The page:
Humility

For the second time in as many years, it has happened.  Last week, we met with our kids’ teachers.  The one concern, out of all the meetings for both kids, was Zaphod’s algebra homework.  The teacher said that he tests well, but he turns in incomplete answers on his homework because he doesn’t properly follow directions.

(I should add here that the kids are doing just fine.  This was a singular nitpick)

Now, Zaphod does his homework in the car on the way home (in order to free up time for important things like video games), so my solution was simple: no homework till he gets, well, home.  Also, I would start checking his algebra homework daily. 

(Lintilla has already given up, because algebra wasn’t her strong suit 30 years ago – she doesn’t remember any of it now.  But, the stuff Zaphod is working on is about at the level I use every day in my line of work – that’s kind of sad when you think about it.)

Anyway, Monday was the first day of this new policy.  And just like last year, when he got his grade, he got more answers wrong on the homework I had checked than any homework he had done previously.

It’s not that I don’t know the material.  My work programs use much of the same algebraic logic, and they work just fine, thank you.  No, I think what’s going on is that Zaphod gets his habit of not understanding instructions from me.  Many of you probably already know this from episodes of my responding on your blogs to things you didn’t say.  For a man with a flair for spouting flowery prose, my comprehension skills are crap.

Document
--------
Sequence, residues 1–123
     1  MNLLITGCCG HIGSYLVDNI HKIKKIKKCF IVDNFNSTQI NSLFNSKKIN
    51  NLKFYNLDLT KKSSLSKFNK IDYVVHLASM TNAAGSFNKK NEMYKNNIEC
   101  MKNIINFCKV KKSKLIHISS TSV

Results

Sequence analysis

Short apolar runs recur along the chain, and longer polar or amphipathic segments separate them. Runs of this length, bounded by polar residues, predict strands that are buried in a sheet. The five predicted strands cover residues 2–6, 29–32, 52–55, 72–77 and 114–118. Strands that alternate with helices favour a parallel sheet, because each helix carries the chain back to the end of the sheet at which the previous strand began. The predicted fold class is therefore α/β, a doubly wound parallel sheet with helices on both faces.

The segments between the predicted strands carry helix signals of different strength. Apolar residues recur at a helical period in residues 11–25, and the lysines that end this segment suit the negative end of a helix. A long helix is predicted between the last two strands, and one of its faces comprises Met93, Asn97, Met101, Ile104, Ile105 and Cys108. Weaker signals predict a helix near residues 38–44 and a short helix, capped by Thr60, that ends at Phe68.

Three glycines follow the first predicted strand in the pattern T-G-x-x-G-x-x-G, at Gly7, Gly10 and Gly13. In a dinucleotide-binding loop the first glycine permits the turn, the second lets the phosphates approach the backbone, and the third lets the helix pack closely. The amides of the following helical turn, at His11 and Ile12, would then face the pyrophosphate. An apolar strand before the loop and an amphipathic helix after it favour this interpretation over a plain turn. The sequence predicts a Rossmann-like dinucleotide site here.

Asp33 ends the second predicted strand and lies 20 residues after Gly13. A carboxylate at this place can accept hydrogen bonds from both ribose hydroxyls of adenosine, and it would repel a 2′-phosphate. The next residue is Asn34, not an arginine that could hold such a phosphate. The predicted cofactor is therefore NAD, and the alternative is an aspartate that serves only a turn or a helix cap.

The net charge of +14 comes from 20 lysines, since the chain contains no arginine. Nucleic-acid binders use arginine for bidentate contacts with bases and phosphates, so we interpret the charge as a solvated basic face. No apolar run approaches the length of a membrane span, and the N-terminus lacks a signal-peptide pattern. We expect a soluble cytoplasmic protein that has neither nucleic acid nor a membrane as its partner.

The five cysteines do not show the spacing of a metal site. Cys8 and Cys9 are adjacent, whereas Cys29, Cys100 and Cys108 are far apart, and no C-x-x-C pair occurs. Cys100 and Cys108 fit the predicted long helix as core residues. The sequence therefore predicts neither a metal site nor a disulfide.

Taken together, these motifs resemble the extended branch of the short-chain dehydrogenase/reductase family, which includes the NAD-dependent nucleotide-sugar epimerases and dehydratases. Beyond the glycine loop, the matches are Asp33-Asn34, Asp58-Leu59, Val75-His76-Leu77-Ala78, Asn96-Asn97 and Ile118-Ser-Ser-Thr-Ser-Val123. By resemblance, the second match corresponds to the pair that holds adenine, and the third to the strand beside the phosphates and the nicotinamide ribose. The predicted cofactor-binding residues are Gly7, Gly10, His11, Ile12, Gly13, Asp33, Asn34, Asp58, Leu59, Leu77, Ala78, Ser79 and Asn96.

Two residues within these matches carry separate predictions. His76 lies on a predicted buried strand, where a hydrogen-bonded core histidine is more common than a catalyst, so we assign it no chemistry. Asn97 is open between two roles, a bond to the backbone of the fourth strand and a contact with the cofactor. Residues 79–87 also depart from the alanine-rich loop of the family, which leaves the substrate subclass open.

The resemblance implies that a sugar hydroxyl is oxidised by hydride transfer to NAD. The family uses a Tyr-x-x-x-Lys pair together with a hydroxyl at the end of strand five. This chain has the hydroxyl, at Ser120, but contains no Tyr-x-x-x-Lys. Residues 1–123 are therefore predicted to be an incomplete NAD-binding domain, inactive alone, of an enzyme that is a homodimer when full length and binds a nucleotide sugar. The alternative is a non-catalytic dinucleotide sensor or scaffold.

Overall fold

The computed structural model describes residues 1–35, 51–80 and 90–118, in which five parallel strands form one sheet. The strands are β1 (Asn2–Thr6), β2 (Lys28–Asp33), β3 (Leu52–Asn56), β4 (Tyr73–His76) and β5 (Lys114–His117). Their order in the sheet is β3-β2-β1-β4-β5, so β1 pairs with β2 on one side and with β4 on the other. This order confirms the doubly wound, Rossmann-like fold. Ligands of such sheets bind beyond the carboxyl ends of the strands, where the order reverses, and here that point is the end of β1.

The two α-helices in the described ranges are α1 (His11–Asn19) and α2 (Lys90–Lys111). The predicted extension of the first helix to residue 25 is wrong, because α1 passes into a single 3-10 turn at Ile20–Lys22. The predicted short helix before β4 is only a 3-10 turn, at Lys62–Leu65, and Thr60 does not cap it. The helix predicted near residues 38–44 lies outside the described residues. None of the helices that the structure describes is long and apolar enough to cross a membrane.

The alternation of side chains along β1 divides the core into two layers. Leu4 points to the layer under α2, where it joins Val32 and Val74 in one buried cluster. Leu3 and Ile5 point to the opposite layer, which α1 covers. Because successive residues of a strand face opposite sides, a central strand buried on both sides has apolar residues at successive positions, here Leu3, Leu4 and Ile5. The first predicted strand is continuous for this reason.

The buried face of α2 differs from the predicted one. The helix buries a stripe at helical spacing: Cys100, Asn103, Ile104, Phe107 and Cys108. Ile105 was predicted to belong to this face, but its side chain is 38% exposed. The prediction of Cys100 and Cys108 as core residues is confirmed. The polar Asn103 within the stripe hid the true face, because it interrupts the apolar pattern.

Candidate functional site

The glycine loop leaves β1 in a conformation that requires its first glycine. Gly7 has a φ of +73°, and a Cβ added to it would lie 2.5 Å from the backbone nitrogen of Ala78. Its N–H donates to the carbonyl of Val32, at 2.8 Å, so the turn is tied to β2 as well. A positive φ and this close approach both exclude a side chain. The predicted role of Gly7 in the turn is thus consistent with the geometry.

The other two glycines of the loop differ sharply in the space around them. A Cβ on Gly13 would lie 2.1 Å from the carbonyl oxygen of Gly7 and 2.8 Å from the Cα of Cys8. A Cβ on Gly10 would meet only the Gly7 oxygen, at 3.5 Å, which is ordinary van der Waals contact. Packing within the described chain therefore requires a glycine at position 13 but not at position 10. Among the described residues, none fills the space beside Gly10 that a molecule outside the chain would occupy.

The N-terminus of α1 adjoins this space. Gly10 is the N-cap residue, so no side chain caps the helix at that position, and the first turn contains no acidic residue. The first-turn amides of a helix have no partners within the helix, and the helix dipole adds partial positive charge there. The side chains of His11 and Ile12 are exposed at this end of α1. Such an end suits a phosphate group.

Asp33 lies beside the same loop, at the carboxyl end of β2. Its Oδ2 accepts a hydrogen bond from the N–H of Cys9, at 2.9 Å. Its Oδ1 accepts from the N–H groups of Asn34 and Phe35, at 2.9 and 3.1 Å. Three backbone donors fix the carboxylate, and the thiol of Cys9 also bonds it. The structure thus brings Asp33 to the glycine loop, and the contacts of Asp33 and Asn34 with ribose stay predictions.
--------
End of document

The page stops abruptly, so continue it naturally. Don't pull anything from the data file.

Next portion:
Now, I have to write the humiliating email to the teacher, explaining why my son is now on his own when it comes to math homework.  If I want him to get good grades, I need to stay as far away as possible.

It is a good thing to get knocked down a notch or two every now and then.  We often become so full of ourselves, we refuse to see that maybe we don’t know as much as we think we do.

I pray you get the same epiphany, no matter how painful it might be in the moment.

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2 Responses to “Humility”

  1. Susie Says:

    I have been at a loss as help to my kids for quite a while now…welcome to my world! LOL

  2. bridgett Says:

    I am resisting the temptation to “help” my daughter on typing the report she wrote. She needs to do it to learn it, even if I think that it’s absurd to ask a 4th grader to type a five-page report (on top of creating a PowerPoint presentation…)

    Sometimes they have to flail a little to build the muscles they need to swim. It’s hard to stand by, but we’re close enough to fish them out if they are really going under.


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